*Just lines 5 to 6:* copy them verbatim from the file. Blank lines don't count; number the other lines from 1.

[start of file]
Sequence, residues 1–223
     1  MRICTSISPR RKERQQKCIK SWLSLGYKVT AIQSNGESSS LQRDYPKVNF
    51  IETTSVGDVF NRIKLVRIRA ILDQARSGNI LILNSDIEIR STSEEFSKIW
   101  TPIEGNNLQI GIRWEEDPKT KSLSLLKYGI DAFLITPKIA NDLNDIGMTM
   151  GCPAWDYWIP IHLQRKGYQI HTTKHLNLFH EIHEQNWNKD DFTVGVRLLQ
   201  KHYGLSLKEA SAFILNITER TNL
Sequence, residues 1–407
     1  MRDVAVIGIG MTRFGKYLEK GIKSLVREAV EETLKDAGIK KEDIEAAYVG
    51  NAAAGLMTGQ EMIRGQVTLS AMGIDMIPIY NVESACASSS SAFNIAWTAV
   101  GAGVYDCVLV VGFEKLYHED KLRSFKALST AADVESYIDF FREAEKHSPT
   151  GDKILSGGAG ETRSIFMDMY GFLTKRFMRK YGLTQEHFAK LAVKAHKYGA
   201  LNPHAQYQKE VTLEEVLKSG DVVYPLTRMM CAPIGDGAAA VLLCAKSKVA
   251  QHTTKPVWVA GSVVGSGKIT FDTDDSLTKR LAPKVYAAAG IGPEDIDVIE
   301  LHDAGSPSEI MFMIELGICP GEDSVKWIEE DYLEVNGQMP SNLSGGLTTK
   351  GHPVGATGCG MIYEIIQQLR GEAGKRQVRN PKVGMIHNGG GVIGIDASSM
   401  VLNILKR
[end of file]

   151  GCPAWDYWIP IHLQRKGYQI HTTKHLNLFH EIHEQNWNKD DFTVGVRLLQ
   201  KHYGLSLKEA SAFILNITER TNL